Mouth to Mouth Open Mic: All-Stars Edition

with Ed Park, Marissa Lichwick, Henry Chang, Elahe Izadi, & Gibran Saleem

Friday, August 10, 2012 7:30pm
Asian American Writers' Workshop
110-112 West 27th Street, 6th Floor Between 6th and 7th Avenues Buzzer 600
New York , New York 10001

Media Gallery

Ed Lin and Jen Kwok are back with an All-Stars Edition of Mouth to Mouth Open Mic! For one night only, we’re bringing you the best of the best—so spectacular that open mic slots are only available by lottery! Will you be the lucky winner of one of the five coveted spots?

Click here for Exclusive video highlights!

Founder of The Believer and author of acclaimed office satire Personal Days, Ed Park will perform a dialogue in his whimsical deadpan humor. Described by The New Yorker as “comic and creepy,” Ed Park’s debut novel is often compared to the works of Kurt Vonnegut and Joseph Heller, making The Atlantic’s list of top ten cultural moments of the decade! Set in an unnamed Manhattan office, classic office personalities—from the cube-mate who gives unwanted backrubs to the guy who always orders one too many at happy hour—comprise the “layoff narrative for our times” (NYT).

Twirling in a bright yellow dress, Marissa Lichwick gives us a taste of her upcoming one-woman show at The Sixteenth Annual New York International Fringe Festival. Yellow Dress, an interactive coming of age story, features over 20 characters on a journey of discovery from the perspective of a Korean American adoptee. LA Theater Review calls Lichwick “a star… [The] show is genuine and satisfying, thanks to Lichwick’s hard work and her compelling life story.”

Henry Chang, author of the Chinatown noir trilogy, will read from Red Jade: A Detective Jack Yu Investigation. Chinese-American NYPD detective Jack Yu returns to Chinatown when police discover two bodies on Doyers Street, the “Bloody Angle”. Is it a simple murder-suicide? Detective Yu does not think so. Kirkus Reviews calls the novel: “A sharp mix of action, post-Wire procedural and cultural commentary aimed squarely at readers who aren’t overly attached to happy, or even conclusive, endings.”

No All-Stars open mic would be complete without resident funnypeople to anchor the team. Up-and-coming stand-up comedians Elahe Izadi and Gibran Saleem get the job done. By day, Izadi covers the controversies of Councilman Barry's "dirty (Asian) shops" and the symbiotic relationship between rock stars and Ethiopian restaurants. By night, she dispells post-9/11 prejudices and pokes fun at her Persian heritage. Not to be outdone—Saleem, nominated as the MVP of the Rooftop Comedy / TBS College festival, will leave you in stitches. Check out his winning set here.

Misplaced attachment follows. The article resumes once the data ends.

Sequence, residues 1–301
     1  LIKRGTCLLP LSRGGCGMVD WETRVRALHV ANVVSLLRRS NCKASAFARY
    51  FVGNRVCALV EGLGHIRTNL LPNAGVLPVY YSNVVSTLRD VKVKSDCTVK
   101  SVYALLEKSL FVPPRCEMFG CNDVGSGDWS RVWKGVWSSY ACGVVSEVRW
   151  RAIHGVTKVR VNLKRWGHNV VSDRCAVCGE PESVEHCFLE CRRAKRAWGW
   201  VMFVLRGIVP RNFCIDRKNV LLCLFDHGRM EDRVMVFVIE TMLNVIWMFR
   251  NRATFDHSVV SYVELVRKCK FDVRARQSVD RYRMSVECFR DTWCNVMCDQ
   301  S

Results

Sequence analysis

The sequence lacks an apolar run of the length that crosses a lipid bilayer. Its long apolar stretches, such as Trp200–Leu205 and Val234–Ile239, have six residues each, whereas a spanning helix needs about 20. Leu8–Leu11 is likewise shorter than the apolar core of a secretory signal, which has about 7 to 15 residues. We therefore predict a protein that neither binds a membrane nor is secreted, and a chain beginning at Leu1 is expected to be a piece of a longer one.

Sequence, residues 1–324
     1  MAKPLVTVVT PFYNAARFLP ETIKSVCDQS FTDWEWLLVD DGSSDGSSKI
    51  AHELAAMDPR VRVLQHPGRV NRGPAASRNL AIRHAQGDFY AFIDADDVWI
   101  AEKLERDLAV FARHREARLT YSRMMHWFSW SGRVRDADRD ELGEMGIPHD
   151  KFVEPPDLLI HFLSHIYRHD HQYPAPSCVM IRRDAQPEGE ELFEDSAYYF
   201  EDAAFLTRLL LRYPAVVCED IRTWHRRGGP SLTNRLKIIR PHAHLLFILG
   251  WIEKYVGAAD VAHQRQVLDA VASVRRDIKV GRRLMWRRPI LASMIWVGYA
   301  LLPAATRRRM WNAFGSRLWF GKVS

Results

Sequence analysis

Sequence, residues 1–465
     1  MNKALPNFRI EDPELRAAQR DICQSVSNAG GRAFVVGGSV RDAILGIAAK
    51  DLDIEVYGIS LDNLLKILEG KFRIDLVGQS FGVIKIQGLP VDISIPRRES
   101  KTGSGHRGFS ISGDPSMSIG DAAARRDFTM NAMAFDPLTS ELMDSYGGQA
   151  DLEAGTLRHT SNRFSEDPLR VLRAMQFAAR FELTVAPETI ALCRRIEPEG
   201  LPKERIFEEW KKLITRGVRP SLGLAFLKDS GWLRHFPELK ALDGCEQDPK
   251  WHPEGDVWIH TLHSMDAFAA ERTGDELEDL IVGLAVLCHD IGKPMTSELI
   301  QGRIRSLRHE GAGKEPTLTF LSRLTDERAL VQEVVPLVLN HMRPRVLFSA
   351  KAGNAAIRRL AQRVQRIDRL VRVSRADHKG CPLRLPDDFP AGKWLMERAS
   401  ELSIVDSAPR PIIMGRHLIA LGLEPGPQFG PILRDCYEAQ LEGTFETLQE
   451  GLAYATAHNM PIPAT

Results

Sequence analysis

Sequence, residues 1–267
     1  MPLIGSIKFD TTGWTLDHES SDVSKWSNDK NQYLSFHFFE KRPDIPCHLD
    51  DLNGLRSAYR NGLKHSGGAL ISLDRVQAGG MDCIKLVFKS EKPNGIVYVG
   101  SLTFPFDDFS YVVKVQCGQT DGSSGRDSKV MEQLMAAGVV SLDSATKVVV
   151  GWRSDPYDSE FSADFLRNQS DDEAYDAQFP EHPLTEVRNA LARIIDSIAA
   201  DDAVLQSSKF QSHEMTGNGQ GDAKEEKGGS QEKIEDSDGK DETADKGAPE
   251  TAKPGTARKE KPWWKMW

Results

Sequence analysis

Sign-ups for open mic start at 7:30pm.

Mouth to Mouth is AAWW’s monthly open mic, hosted by performer Jen Kwok and novelist Ed Lin, bringing together literary writers, stand-up comedians and you. 

 

Henry Chang is a New Yorker, a native son of Chinatown and the Lower East Side. His poems have appeared in the seminal Yellow Pearl anthology and in Gangs In New York’s Chinatown. He has written for Bridge Magazine, and his fiction has appeared in On A Bed Of Rice and in the NuyorAsian Anthology. His debut novel Chinatown Beat garnered high praise from the New York Times Book Review, the Boston Globe, the Washington Post, among others. He resides in the Chinatown area and his third book of the Chinatown trilogy, Red Jade, was published fall 2012.

Elahe Izadi is a Washington, D.C.-based standup comic. She grew up in rural Maryland and is the daughter of Iranian immigrants who own an Italian restaurant (talk about identity issues!). Elahe has performed at DC Improv, Riot Act, BloomBars and SuluDC. She's also a reporter covering Congress for National Journal and previously ran a D.C.-based NPR blog on race and class. Follow her @ElaheIzadi.

Marissa Lichwick is a union actress and a recent graduate from the Professional Actors Training Program at the University of Washington in Seattle where she received her MFA. She has worked in New York City, Chicago, Seattle, and South Korea. She recently completed her one woman show Yellow Dress which will premiere at the Hollywood Fringe Festival this June. Information can be found on the Hollywood Fringe Festival. Prior to completing graduate school she spent last summer at the prestigious Guthrie Theatre as an ensemble member of the Guthrie Experience for Actors. She can next be seen in Yellow Dress, conceived, written and directed by the actress at Comedy Sportz LA.

Ed Park is a founding editor of The Believer and the former editor of the Voice Literary Supplement, and has worked as an editor at the Poetry Foundation. His articles, essays, and reviews have appeared in The New York TimesBookforum, and other publications. From 2007 to 2011, he wrote a science fiction column, Astral Weeks, for the Los Angeles Times. His novel, Personal Days, was published by Random House in May 2008 and was a finalist for the PEN Hemingway Award, The John Sargent Sr. First Novel Prize, and the Asian American Literary Award. It was named one of TIME’s Top Ten Fiction Books of the year and one of The Atlantic's top ten pop culture moments of the decade.

Gibran Saleem was born in Greensborro, North Carolina and raised in Northern Virginia.  He started comedy while attending graduate school for psychology in New York City, performing for the TBS Rooftop Comedy College Competition. Although his team, NYU, was unfortunately eliminated, Gibran was individually handpicked as an MVP nominee on a national level out of hundreds of comedians. He also contributed to consulting with MTV on their development initiative entitled the MTV Millennial Project. As of this summer Gibran has just finished graduate school and is pursuing stand-up comedy, sketch comedy and comedy production full time.

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